Using ibuprofen together with high blood pressure drugs can severely dehydrate a person and cause significant kidney damage, study finds
- Using the common over-the-counter pain killing drug ibuprofen alongside hypertension drugs can for a dangerous combo, a new study finds
- The hypertension drugs often include a diuretic, which can dehydrate the body as it increases urination
- When dehydrated, the kidney may not be able to handle the strain put on it by the pain killer and may become damaged
- Around half of Americans suffer from hypertension, and 90% report using ibuprofen
The common over-the-counter painkiller ibuprofen forms a dangerous combo with some popular high blood pressure drugs, a new study finds.
Researchers at the University of Waterloo, in Ontario, Canada – just 60 miles west of Toronto – used a computer simulation to determine that the mix of the drugs together could lead to significant kidney harm.
Hypertension drugs include a diuretic – which makes a person urinate more often – and deprive the body of some water. Combine a dehydration of the kidney with the effects of the other two drugs, and permanent liver damage may be caused.
The team warns that many people are likely taking this combination of drugs without even realizing the harm it could potentially cause.
Using ibuprofen with common hypertension drugs can be dangerous, as the drugs dehydrate the body and leave it open to potential permanent and severe kidney damage, a new study finds (file photo)
‘Diuretics are a family of drugs that make the body hold less water,’ Dr Anita Layton, a researcher and professor at the university, said in a statement.
‘Being dehydrated is a major factor in acute kidney injury, and then the RAS inhibitor and ibuprofen hit the kidney with this triple whammy. If you happen to be on these hypertension drugs and need a painkiller, consider acetaminophen instead.’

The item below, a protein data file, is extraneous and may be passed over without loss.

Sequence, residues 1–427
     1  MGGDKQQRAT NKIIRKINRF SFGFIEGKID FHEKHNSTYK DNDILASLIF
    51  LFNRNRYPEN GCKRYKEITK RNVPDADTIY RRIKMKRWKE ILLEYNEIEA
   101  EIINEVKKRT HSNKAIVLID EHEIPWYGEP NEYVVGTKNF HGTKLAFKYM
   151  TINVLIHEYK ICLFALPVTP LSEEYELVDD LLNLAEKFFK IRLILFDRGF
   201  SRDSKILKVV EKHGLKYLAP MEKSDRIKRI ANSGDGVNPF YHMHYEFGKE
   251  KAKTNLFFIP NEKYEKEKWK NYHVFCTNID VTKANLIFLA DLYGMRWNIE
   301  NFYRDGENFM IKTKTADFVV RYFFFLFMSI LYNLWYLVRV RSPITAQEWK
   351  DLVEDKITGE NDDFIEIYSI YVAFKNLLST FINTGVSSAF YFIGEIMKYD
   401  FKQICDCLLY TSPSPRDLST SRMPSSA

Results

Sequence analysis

Researchers, who published their findings last week in Mathematical Biosciences, built a computer simulated drug trial to determine the impact combinations of drugs would have on the kidney.
As part of the simulated trial, they gave hypothetical patients different medical profiles, and attempted to estimate how the drugs would affect their body based on known risk factors.
They combined a two-part hypertension drug with the common pain killer – which is commonly sold under the brand name Advil – and ran it one simulated trial participants.
Hypertension drugs often include a combination of a diuretic and an RSA inhibitor, the drug that helps regulate blood pressure.
Any drug a person uses has an impact on their kidney, though it is often minimal and short-living. This is the case when standard hypertension drugs are used normally.
Dr Anita Layton (pictured) said that not everyone who combines the drugs will experience the kidney damage, but that those using hypertension medication should be cautious
Ibuprofen is a relatively safe pain-killer, though it is known that taking too many in a short period of time can cause significant kidney or liver damage.
This is why when someone overdoses on a popular over-the-counter pain medication they will sometimes require a transplant of either organ.
Water serves as a natural lubricant in the body, and can protect the kidney from taking some of this damage.
When a person is dehydrated by a diuretic, though, their body may not have the water necessary to protect from the ibuprofen.
In some specific cases, a patient may suffer significant, and permanent, kidney damage.
‘It’s not that everyone who happens to take this combination of drugs is going to have problems,’ Layton said.
‘But the research shows it’s enough of a problem that you should exercise caution.’
A Boston University study published in 2018 found that nearly 90 percent of Americans had used a drug like Advil in the past year.
Combine that with the nearly half of Americans that suffer from hypertension – a large portion of which are using medication that uses a diuretic – and many Americans may be inadvertently harming themselves without even knowing.